Nephrostomy Tube

  • What is a nephrostomy tube?

    Nephrostomy Back View Image

    Urine is produced in the kidney and flows down a small tube called the ureter into the bladder. Sometimes the flow of urine is blocked due to stones, infection, congenital abnormalities or trauma. To restore the flow, a small catheter (tube) can be placed through the skin of the lower back into the kidney. Urine will then drain into a small bag. A nephrostomy tube may be in place for days, weeks or months.

  • How is a nephrostomy tube placed?

    Nephrostomy Tube Side View Image

    Using ultrasound, the interventional radiologist will locate the kidney and insert a special hollow needle through the skin into the kidney. Using live X-ray (fluoroscopy) for guidance, the doctor will guide a small catheter into the kidney. The portion of the catheter on the outside of the skin will be connected to a drainage bag. A small stitch (suture) and/or an adhesive clip will hold the catheter in place on the surface of the skin. Your child will be protected by an X-ray shield.

  • Will my child be awake during the procedure?

    No. We will use either intravenous sedation or general anesthesia so your child isn't awake.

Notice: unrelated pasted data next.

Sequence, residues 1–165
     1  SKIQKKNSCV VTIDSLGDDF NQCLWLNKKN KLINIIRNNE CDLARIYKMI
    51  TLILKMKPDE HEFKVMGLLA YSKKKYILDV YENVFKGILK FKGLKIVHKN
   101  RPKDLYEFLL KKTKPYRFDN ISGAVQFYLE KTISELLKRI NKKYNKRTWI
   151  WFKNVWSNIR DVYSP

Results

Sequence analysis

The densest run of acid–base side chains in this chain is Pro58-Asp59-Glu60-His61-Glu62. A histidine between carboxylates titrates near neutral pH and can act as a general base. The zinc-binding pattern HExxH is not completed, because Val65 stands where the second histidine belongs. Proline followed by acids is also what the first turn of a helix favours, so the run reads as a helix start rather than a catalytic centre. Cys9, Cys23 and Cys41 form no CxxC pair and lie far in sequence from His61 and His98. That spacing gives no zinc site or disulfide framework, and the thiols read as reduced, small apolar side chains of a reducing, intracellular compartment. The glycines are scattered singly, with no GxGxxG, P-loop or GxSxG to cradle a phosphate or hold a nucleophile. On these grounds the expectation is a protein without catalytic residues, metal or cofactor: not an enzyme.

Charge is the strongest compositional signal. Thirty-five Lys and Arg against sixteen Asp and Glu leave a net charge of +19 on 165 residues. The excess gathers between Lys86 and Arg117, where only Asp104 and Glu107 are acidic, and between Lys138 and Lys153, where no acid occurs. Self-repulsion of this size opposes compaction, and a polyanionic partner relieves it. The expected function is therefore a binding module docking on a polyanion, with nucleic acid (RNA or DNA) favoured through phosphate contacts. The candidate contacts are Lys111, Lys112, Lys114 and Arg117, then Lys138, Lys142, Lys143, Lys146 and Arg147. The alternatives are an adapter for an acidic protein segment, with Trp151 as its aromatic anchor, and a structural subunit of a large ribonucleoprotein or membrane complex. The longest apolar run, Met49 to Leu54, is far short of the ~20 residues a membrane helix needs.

Learn about sedation and general anesthesia.

  • How long will the procedure take?

    Approximately one hour.

  • What are the risks?

    The procedure is considered low risk. However, potential complications include:

    • Bleeding
    • Infection
    • Injury to the kidney, ureter or bladder
    • Allergic reaction to the X-ray dye (contrast reaction)
  • Will my child be in any pain after the procedure?

    The catheter site may be tender for several days.

  • Can my child bathe?

    We will place gauze and a clear bandage over the catheter site. In addition, the catheter will be secured with a locking device (StatLockĀ®) which must not be removed. The bandage must remain dry and in place at all times. You may sponge bathe your child, but must keep the site dry.

  • Are there any activity restrictions?

    Your child must avoid activities, such as contact sports or rough playing, which may result in a pull to the catheter and damage to or loss of the catheter.